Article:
As the Tenth Circuit explained, fake drug checkpoints v.1.0 worked like this:
In the wake of Edmond’s rebuke of suspicionless drug checkpoints, some lawenforcement organizations began the practice of setting up ruse drug checkpoints. In what may be understood as the first generation of post-Edmond drug checkpoints, police would set up “drug checkpoint ahead” signs on the highway but then operate a full-scale checkpoint at the next (likely rural) off-ramp. The theory behind this alteration was that the police would have an element of individualized suspicion for every vehicle that took that ramp because there were few “legitimate” reasons for using an exit in an isolated area.
The Eighth Circuit said these are generally not ok – here’s how the Tenth Circuit summarized the Eighth Circuit’s opinion:
The court recognized that while the modified program differed from the practice in Edmond, the same constitutional problems persisted. While some drivers may have taken the exit to avoid police conduct, that did not “create individualized reasonable suspicion of illegal activity as to every one of them.” Id.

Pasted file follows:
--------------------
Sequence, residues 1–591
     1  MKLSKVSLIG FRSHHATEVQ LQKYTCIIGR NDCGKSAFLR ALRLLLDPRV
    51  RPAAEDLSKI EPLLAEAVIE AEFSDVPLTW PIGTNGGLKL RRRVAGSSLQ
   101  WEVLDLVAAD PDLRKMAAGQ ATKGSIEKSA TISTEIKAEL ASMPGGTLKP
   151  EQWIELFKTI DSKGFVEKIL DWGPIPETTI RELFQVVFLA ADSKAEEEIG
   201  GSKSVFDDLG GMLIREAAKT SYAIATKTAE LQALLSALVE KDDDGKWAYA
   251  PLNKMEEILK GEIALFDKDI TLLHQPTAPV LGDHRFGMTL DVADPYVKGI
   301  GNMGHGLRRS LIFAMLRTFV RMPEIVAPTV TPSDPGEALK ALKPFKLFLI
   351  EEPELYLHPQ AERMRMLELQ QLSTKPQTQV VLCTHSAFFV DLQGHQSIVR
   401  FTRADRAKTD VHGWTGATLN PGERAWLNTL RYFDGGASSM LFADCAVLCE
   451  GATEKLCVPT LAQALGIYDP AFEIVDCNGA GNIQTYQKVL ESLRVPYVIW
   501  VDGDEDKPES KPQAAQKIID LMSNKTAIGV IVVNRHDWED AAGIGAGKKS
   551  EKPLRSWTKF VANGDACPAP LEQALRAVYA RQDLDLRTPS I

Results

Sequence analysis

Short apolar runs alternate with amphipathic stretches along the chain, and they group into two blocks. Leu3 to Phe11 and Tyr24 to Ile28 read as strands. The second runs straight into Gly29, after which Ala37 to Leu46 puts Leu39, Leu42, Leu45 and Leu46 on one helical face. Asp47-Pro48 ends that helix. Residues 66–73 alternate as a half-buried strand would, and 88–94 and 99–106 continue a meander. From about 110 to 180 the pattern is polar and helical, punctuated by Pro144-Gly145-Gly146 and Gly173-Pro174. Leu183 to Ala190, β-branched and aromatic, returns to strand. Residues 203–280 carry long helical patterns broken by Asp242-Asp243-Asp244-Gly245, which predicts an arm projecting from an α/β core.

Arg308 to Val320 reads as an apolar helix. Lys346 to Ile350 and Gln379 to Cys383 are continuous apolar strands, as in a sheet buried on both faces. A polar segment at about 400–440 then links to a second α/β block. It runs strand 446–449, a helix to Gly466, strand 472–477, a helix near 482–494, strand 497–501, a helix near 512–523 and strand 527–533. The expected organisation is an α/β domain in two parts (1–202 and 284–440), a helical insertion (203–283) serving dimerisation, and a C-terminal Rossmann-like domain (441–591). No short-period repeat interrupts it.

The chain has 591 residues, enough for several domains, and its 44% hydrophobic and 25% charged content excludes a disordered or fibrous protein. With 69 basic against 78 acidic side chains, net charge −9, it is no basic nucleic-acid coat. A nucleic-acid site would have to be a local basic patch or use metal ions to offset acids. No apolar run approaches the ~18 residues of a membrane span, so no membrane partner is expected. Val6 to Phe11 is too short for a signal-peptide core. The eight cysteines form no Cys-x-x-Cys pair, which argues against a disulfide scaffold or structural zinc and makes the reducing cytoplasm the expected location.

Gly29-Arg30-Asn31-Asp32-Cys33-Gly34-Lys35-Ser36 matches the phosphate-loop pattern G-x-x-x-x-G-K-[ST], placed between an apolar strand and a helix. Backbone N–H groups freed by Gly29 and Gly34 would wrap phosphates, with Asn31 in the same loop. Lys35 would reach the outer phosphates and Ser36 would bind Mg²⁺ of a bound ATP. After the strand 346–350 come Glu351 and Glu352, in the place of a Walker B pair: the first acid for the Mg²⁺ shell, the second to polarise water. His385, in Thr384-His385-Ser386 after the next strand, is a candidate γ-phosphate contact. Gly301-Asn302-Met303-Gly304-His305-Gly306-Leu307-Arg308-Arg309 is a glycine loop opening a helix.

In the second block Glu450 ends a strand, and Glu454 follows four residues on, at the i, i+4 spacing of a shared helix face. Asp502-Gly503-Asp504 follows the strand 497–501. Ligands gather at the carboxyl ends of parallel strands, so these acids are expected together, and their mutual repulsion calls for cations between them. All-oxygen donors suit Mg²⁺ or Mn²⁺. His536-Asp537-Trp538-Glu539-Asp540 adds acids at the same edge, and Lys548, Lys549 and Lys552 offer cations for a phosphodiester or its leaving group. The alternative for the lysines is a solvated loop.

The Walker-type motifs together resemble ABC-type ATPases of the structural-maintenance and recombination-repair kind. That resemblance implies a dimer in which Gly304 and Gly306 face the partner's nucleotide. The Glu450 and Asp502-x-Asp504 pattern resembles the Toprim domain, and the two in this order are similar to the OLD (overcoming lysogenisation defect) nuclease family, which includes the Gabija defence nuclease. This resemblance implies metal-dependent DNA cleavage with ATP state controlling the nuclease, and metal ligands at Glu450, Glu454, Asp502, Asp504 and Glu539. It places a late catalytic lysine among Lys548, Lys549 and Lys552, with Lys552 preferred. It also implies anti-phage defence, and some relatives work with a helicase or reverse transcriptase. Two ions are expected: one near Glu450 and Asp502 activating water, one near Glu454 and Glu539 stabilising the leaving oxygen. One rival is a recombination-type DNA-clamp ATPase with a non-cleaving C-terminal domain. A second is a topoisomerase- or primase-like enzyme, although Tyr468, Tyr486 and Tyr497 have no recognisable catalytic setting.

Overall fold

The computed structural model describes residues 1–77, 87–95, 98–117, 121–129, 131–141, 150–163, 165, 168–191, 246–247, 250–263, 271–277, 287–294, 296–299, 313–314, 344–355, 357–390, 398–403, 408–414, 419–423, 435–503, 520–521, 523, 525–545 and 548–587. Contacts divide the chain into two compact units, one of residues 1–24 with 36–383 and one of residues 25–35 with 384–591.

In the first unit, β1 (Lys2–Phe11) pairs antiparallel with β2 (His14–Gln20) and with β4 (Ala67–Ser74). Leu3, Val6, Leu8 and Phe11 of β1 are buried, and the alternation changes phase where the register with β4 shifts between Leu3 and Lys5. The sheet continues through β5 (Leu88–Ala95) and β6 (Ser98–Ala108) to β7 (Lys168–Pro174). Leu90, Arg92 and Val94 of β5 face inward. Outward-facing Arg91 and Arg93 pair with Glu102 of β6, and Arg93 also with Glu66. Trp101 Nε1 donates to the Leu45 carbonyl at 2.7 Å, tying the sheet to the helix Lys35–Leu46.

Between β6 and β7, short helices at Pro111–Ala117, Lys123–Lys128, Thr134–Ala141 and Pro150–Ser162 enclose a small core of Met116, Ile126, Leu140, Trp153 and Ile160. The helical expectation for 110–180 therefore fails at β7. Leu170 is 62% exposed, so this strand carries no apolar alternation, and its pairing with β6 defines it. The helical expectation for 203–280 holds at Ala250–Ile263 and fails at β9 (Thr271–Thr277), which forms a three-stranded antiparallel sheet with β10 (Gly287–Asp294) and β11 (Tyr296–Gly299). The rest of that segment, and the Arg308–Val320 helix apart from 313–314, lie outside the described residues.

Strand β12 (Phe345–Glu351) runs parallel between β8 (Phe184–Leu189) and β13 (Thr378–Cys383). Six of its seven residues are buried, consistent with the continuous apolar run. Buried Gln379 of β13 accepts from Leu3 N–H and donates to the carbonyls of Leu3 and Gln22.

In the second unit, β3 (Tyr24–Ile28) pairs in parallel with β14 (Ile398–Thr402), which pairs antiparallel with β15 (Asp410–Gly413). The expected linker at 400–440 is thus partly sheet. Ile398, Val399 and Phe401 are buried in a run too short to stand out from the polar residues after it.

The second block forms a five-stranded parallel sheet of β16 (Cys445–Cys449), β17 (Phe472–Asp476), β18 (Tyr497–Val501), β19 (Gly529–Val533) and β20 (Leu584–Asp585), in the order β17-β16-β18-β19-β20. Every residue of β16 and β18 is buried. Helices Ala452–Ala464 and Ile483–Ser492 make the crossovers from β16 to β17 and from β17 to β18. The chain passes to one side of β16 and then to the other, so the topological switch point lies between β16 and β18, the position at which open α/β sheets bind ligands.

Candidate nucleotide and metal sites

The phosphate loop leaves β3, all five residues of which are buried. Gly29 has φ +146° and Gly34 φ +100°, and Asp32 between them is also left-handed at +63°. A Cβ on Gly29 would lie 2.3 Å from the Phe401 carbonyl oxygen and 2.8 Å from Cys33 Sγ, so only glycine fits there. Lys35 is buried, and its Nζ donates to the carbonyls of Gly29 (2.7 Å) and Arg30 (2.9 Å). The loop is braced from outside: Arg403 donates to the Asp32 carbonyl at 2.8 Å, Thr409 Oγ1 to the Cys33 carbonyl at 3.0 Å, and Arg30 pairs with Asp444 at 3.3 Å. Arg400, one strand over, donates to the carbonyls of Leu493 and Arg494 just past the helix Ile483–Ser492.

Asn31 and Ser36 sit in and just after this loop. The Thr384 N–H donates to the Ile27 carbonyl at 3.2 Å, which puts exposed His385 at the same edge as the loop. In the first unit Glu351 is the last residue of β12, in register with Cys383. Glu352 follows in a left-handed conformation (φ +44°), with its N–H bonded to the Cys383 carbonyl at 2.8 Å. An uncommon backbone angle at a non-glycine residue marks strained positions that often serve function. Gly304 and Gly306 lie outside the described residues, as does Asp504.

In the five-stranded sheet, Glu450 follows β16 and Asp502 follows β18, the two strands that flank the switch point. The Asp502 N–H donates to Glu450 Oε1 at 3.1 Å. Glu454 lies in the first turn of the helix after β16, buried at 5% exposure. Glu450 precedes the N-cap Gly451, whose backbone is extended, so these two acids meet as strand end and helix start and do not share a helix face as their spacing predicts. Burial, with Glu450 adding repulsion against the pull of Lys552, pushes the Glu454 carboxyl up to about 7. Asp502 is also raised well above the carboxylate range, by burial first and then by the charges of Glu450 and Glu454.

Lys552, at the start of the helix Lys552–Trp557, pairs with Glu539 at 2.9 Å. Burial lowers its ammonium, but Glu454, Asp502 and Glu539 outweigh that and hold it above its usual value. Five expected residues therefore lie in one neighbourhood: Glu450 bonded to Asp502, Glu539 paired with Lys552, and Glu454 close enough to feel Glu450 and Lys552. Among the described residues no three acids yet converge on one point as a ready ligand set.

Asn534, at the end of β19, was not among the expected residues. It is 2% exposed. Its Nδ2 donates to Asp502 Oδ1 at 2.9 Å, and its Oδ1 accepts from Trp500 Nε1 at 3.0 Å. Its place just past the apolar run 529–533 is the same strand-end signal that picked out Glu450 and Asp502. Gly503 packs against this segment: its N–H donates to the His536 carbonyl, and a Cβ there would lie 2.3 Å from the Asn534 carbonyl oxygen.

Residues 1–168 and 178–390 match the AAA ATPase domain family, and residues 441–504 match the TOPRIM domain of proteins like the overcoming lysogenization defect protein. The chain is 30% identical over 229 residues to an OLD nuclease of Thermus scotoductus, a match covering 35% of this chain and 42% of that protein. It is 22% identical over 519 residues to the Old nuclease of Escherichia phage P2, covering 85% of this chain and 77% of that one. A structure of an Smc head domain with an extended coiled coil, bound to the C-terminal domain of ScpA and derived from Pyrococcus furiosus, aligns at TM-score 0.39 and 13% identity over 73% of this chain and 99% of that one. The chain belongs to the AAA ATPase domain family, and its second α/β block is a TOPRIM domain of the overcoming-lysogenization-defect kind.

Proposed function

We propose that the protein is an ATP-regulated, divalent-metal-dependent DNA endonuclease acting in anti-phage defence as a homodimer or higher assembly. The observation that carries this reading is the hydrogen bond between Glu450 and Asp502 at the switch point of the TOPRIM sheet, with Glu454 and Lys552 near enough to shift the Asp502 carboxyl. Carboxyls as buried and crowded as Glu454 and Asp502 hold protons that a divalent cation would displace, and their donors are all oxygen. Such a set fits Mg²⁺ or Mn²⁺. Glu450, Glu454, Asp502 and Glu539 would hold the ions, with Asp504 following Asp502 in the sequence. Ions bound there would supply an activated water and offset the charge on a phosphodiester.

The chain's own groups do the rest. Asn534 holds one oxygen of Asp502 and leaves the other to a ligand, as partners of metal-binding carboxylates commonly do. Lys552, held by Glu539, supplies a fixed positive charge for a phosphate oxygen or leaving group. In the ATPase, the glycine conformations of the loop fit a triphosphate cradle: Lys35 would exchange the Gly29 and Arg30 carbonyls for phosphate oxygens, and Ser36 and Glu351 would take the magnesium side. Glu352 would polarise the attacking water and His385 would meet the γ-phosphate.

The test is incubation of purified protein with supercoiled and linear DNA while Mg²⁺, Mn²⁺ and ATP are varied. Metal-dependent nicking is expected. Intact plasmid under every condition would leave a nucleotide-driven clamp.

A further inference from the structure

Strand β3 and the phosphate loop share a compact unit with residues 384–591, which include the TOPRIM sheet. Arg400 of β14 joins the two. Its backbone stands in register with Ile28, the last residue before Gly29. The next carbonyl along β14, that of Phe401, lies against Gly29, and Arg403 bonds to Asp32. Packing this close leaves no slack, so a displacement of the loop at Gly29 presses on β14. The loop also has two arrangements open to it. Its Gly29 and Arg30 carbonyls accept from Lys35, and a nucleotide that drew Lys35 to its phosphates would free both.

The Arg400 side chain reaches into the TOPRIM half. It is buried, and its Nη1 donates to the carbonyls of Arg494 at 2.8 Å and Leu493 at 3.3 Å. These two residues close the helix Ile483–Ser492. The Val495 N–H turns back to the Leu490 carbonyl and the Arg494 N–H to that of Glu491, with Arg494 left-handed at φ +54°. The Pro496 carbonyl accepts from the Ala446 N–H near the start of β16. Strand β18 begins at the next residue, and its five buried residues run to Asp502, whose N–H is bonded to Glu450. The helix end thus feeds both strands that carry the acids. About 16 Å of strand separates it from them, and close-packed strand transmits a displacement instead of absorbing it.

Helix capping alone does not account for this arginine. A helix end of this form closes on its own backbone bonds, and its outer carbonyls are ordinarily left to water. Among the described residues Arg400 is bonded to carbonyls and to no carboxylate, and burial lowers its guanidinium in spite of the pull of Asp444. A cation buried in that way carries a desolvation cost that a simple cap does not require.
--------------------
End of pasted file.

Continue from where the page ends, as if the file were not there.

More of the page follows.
“Indeed, as the government’s evidence indicated, while some drivers may have wanted to avoid being caught for drug trafficking, many more took the exit for wholly innocent reasons–such as wanting to avoid the inconvenience and delay of being stopped or because it was part of their intended route.”
Mr. Neff was caught in version 2.0 of the fake drug checkpoint – one has to love the way law enforcement innovates. Version 2.0 is some signs in front of a rural road that no one would want to turn off on (perhaps including those who lived along it).
This turned out not to be ok.
The Tenth Circuit, agreeing with the Eighth Circuit, noted that
a driver’s decision to use a rural highway exit after seeing drug checkpoint signs may serve as a valid, and indeed persuasive, factor in an officer’s reasonable suspicion analysis. (listing as one valid factor that “the defendants took an exit which was the first exit after a narcotics check lane sign, and an exit that was seldom used”). But standing alone, it is insufficient to justify even a brief investigatory detention of a vehicle.